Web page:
Morales is hoping to persuade Bolivian opposition legislators to allow a new electoral law that would give more political power to indigenous groups and likely benefit his power-base.
Yesterday the Latin American Herald reported Morales telling Venezuelan President Hugo Chavez that he would miss the summit, and the preceding meeting of the leftist Latin grouping, the Bolivarian Alternative for the Americas (ALBA) in Caracas, Venezuela.
Morales made his disclosure during a phone call from Chavez, broadcast “live” on a Bolivian state television. Chavez gave Morales his nod. Reuters reported that former Cuban President Fidel Castro also called the television station to give his support.
Morales said, “I decided not to travel to either the ALBA summit or to the Summit of the Americas. We’re going to fight this battle, which in any case is between the oppressed peoples and the oligarchic groups.”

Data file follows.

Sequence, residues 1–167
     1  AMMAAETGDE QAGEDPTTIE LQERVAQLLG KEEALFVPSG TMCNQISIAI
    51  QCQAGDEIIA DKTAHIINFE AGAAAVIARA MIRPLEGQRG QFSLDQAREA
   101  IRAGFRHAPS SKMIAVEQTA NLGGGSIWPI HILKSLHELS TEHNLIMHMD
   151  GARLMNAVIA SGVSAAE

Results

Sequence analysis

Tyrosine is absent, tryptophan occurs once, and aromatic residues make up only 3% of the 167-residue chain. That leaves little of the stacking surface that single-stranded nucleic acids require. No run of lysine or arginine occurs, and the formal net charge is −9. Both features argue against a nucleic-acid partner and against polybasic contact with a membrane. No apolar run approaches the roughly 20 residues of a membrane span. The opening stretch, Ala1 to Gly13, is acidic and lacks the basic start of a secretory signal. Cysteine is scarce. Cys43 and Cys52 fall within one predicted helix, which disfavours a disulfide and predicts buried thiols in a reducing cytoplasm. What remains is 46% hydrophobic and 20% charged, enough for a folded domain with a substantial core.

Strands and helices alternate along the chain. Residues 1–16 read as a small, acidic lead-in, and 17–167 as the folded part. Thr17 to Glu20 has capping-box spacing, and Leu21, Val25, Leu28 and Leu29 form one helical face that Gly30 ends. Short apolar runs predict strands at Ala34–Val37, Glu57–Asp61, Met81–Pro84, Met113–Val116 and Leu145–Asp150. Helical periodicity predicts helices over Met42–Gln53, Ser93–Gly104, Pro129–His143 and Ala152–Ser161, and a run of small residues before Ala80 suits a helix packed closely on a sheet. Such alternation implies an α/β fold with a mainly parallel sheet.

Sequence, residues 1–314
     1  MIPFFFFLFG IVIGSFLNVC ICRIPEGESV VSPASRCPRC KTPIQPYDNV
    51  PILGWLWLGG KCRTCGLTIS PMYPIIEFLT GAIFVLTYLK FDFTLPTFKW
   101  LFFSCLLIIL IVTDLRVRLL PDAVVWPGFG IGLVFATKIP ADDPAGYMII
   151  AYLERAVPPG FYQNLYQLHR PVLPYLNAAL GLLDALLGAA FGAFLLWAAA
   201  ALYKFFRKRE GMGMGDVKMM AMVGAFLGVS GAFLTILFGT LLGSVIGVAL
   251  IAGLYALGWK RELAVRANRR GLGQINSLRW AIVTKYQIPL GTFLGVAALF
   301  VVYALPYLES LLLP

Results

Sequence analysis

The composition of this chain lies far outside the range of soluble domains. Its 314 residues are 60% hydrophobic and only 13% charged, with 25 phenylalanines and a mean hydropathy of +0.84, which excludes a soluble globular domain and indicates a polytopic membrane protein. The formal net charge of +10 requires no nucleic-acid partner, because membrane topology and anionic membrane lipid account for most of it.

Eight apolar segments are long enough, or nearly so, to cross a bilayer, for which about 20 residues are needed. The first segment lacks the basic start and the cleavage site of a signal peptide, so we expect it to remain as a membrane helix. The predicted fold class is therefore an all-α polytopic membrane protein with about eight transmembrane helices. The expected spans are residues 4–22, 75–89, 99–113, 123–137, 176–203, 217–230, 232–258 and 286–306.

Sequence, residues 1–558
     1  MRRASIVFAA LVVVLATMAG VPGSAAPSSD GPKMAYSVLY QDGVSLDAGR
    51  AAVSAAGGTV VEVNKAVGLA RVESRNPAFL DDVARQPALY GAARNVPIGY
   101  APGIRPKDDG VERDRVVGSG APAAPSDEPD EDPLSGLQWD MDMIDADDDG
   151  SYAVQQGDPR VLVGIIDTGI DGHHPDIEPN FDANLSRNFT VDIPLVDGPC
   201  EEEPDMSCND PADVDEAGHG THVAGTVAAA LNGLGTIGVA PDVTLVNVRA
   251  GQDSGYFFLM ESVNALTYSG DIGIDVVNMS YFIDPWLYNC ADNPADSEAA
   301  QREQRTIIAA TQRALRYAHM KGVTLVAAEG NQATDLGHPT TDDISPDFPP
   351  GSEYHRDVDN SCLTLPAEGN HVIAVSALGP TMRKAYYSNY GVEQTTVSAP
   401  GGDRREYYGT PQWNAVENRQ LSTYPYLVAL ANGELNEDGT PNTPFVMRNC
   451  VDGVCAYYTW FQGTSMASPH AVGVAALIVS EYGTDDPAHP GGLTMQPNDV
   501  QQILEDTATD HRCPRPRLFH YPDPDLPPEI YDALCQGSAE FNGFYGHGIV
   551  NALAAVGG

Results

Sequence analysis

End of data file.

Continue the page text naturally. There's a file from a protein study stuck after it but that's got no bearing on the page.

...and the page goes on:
Reporters met Manning and his wife, Hazel Manning, yesterday touring the Summit Village near the Hyatt Regency Hotel. Newsday asked about Morales’ likely absence.
Manning replied, “I notice we have not had official communication yet but I notice the statement that he made on the BBC this morning. You know what is going on in Bolivia at this time.”
However Manning said he was watching to see how things work out.
“It is possible that things could change, that allow him to come. He is the only leader that has indicated his inability to attend so far, and that has not yet been formally done.” Would he contact Morales? Manning replied: “We probably will. Yes.”
Newsday humorously asked if some Trini delicacies could be offered to try to tempt Morales to come to Trinidad.
Manning, in the sprit of the question, quipped, “Yes, yes. A crab and callaloo should set him right. Together with a corn soup, eh? And if that’s not enough, then a bake and shark.”